GSK, Merck in endometrial cancer face-off
GSK and Merck & Co have both reported new clinical data with the PD-1 checkpoint inhibitors, seeking an edge in the first-line treatment of advanced endometrial cancer.
Results of GSK’s RUBY trial of Jemperli (dostarlimab) and Merck’s NRG-GY018 study of Keytruda (pembrolizumab) were presented at the Society of Gynaecologic Oncology (SGO) annual meeting, with both showing improvements in progression-free survival (PFS).
The top-line readouts of the two trials have previously been released by both companies, but SGO is the first opportunity for oncologists to look at the full data, with initial reactions suggesting that Merck may have edged the contest.
In both studies, the PD-1 inhibitors plus chemotherapy were compared to chemo plus placebo and showed they were more effective at extending progression-free survival (PFS).
In RUBY, Jemperli reduced the risk of disease progression or death by 72% in patients with primary advanced or recurrent endometrial cancer patients whose tumours had mismatch repair-deficient (dMMR) or microsatellite instability-high (MSI-H) mutations, after two years’ follow-up.
In NRG-GY018, meanwhile, Keytruda achieved a 70% improvement in a dMMR population after one year’s follow up, with the two drugs therefore closely matched – mindful of the usual caveats about trying to compare trials with different protocols.
The potential separation of the two drugs lies in the other subgroup of patients with tumours that were mismatch repair proficient (pMMR), where Keytruda improved PFS by 46%.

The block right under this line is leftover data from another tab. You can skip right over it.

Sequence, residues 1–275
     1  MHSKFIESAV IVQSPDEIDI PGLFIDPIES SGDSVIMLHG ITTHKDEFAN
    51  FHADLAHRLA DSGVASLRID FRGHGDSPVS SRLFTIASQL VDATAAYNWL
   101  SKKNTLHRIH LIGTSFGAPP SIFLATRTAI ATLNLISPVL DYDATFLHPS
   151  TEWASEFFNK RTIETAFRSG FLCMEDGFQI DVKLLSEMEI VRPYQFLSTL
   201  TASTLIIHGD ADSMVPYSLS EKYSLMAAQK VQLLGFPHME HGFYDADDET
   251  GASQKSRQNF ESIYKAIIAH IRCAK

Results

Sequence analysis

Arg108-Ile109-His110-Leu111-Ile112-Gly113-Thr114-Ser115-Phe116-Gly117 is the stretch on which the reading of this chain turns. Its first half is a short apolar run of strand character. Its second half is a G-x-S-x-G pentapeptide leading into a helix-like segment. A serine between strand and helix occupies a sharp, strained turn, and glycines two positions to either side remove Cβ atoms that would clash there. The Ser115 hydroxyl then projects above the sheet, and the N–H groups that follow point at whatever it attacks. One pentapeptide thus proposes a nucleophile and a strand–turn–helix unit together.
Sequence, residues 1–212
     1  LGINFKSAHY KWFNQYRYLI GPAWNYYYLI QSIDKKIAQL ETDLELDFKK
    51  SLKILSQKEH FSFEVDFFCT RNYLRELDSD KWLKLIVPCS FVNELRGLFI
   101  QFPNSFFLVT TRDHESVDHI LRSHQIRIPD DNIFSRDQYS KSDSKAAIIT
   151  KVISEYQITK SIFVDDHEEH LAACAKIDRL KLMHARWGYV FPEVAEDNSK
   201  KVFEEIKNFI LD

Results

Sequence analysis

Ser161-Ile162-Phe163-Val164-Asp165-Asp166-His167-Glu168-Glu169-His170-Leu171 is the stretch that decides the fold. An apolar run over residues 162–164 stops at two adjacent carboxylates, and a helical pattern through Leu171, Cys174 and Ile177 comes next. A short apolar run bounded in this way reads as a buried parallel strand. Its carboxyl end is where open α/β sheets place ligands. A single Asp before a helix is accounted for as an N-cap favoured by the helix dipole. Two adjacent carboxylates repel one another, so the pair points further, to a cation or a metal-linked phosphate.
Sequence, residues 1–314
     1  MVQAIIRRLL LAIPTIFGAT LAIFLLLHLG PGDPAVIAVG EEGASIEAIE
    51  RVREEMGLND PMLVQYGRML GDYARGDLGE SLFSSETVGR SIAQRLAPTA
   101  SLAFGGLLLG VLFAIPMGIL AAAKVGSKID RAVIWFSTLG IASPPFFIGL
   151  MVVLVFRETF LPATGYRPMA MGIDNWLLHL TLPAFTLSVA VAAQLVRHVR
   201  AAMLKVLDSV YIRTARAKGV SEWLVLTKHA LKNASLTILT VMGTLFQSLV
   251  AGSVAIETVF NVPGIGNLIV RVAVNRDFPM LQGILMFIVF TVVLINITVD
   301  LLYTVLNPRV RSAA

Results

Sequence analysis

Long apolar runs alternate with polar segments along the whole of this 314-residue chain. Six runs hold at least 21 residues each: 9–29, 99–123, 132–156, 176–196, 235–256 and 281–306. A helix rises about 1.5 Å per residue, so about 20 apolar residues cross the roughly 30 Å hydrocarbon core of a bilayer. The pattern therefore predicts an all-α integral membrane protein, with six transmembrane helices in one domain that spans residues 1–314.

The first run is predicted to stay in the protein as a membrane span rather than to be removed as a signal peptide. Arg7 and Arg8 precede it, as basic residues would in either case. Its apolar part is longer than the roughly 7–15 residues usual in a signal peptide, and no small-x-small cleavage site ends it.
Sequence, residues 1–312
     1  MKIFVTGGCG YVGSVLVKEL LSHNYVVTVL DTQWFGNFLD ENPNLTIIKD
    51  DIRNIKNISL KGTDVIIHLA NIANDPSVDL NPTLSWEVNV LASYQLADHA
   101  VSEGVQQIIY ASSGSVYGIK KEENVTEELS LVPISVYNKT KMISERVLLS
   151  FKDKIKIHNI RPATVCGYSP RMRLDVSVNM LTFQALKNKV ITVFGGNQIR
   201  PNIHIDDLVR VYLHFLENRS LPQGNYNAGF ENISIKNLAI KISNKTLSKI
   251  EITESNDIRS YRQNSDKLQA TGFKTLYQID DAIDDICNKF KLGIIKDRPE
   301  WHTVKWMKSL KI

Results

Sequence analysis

For comparison, Jemperli reduced the risk of disease progression or death by 24% in RUBY, although GSK pointed out that its subpopulation also included patients' MSI-H mutations and overall enrolled a broader patient population that may be more reflective of what is seen in clinical practice.
That included patients with “histologies often excluded from clinical trials”, as well as approximately 10% of subjects with carcinosarcoma and 20% with serous carcinoma - particularly aggressive forms of endometrial cancer.
Both Keytruda and Jemperli already have approvals as monotherapies in second-line or later endometrial cancer settings, but approval in the first-line setting would unlock a larger eligible patient population.
GSK’s drug was cleared by the FDA for use in advanced endometrial cancer with dMMR mutations in 2021, and the company has said it plans to file Jemperli for first-line use in the first half of this year.
Keytruda, meanwhile, was greenlit by the FDA in patients with MSI-H or dMMR mutations last year, and is also approved in a combination regimen alongside Eisai’s Lenvima (lenvatinib) in previously-treated endometrial cancer without dMMR mutations.
GSK looks likely to have a lead over Merck in its filing schedule, but that window of opportunity could be short and, if oncologists are more convinced by the Keytruda data, could face a challenge carving out market share, given Keytruda’s well-established position in endometrial and other forms of cancer.
One area where GSK could carve out a niche relies on the second part of the RUBY trial, which is looking at Jemperli plus chemotherapy followed by Jemperli plus GSK’s PARP inhibitor Zejula (niraparib), versus chemo plus placebo followed by placebo.